Sports bring people together, which is the exact opposite of what we should all be doing in the midst of a global pandemic. As such, leagues and tournaments around the world have suspended or canceled operations in response the rapid outbreak of the coronavirus. This is not out of an “abundance of caution,” as some like to say—rather, it is the least they can do, according to infectious disease experts and epidemiologists.
But us sports fans are a spoiled group. We are unaccustomed to living without our endless buffet of live game action, highlights, and spicy takes. Is there anything we can do to get our fix?
While we may not have the NBA, March Madness, Premier League, or baseball spring training to keep us occupied, there are options. No, I’m not talking about reading a book or spending time with loved ones. Times aren’t that desperate yet, not until the NBL Grand Final between the Perth Wildcats and Sydney Kings is done. (It’s a basketball series.) (Australian basketball.)
Throw out the record books whenever these bi-coastal rivals play each other. Actually don’t do that; those books provide vital context for this basketball league we’re suddenly trying to understand. Apparently, the finals are a best-of-five series, and it’s all tied up right now at one game apiece. That means at least two more games of Australian basketball action, baby!
The Perth Wildcats won Game 1, 88–86, and former Providence standout Bryce Cotton led all scorers with 32 points. Cotton was named NBL MVP in 2018 and is a two-time winner of the NBL Grand Final. As anyone who has been following the NBL for the past couple of hours can tell you, he’s a stud.
Cotton is playing lights out, but if you pause the above video at the 0:21 second mark you will see who’s really bringing the star power to Australia’s west coast.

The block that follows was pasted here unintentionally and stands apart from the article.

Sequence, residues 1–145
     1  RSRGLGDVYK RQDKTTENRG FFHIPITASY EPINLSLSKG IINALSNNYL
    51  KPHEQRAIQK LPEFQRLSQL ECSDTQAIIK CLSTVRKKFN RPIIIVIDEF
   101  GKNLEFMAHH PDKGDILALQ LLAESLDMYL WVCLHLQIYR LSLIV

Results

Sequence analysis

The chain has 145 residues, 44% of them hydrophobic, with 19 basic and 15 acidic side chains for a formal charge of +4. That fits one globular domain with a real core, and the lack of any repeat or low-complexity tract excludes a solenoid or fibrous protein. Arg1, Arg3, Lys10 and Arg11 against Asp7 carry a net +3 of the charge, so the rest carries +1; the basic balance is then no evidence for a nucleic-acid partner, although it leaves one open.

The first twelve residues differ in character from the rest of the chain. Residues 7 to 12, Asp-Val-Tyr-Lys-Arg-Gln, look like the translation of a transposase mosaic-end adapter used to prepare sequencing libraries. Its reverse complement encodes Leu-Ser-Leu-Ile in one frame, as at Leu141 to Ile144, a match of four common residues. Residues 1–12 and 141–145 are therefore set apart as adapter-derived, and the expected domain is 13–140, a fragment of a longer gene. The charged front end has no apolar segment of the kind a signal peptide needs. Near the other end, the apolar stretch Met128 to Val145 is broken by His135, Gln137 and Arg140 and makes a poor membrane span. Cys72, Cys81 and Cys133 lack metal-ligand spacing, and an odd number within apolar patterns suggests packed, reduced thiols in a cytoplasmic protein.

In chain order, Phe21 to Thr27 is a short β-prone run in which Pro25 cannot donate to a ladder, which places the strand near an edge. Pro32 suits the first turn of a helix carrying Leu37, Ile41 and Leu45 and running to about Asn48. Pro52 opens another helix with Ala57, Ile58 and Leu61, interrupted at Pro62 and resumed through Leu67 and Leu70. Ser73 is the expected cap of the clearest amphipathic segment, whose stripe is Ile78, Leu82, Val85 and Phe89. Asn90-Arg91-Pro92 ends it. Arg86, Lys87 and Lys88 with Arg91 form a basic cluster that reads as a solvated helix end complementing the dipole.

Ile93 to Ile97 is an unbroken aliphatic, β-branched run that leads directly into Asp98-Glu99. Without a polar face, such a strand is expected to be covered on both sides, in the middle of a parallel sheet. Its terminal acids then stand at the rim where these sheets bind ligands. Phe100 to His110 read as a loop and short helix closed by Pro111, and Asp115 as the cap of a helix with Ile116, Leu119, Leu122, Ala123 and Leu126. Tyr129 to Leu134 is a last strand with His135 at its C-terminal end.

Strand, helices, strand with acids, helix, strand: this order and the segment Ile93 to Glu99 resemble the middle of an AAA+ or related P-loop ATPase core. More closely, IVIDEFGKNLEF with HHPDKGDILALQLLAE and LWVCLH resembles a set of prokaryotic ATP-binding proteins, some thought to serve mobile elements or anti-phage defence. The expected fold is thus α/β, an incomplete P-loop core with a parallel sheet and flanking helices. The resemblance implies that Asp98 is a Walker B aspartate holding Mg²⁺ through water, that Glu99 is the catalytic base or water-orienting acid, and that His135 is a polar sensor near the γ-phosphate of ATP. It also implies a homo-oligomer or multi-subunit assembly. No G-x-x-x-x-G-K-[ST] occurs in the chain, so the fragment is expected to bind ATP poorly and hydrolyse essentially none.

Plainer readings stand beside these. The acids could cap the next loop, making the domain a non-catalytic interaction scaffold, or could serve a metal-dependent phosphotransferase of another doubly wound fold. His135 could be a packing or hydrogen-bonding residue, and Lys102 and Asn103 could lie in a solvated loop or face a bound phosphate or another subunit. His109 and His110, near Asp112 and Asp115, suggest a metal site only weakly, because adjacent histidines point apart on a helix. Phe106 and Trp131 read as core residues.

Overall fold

That’s right, ladies and gentlemen: the Wildcats have a Plumee. Miles Plumlee, to be precise. Engineered in Mike Krzyzewski’s laboratory along with his brothers Mason and Marshall, Miles is Perth’s starting center. He was a perfect 5-for-5 from the field and scored 10 points in Game 1. Who needs the NBA when these nasty Plumlee moves are available down under?
You’ll notice that Game 1, which happened on March 8, was played before a packed house. On Thursday, NBL executive chairman Larry Kestelman announced that the rest of the series would be played without fans. Only essential team personnel as well as their family and friends were allowed to watch Game 2 in person at Perth’s RAC Arena. Those in attendance were treated to a showdown between Plumlee and the No. 1 pick of the 2005 NBA Draft, Andrew Bogut.
I did not watch that battle of the titans, because I was not aware that professional basketball was still going on in Australia until very recently. But, according to reports, Bogut got the better of his American rival.
The Sydney Kings routed Perth 97–83 in Game 2, with Bogut scoring 19 points and grabbing 13 rebounds. For the Wildcats, Terrico White had 5 points and went 2-for-6 from the field. I only mention his stat line because you or one of your friends might remember Terrico White. (He played for Ole Miss back in the day.)
Sunday’s Game 3 is pivotal. You can watch it on Australian ESPN and Australian Viceland. If you don’t have access to those channels—and why would you, honestly—you might be able to refresh the “play-by-play” tab on the NBL’s website for up-to-the-second text descriptions. The game will start at 2 a.m. ET on Sunday here in the U.S., so brew a pot of coffee. This is the most important sporting event in the world right now, and it is our duty as sports fans to give it the attention it deserves.
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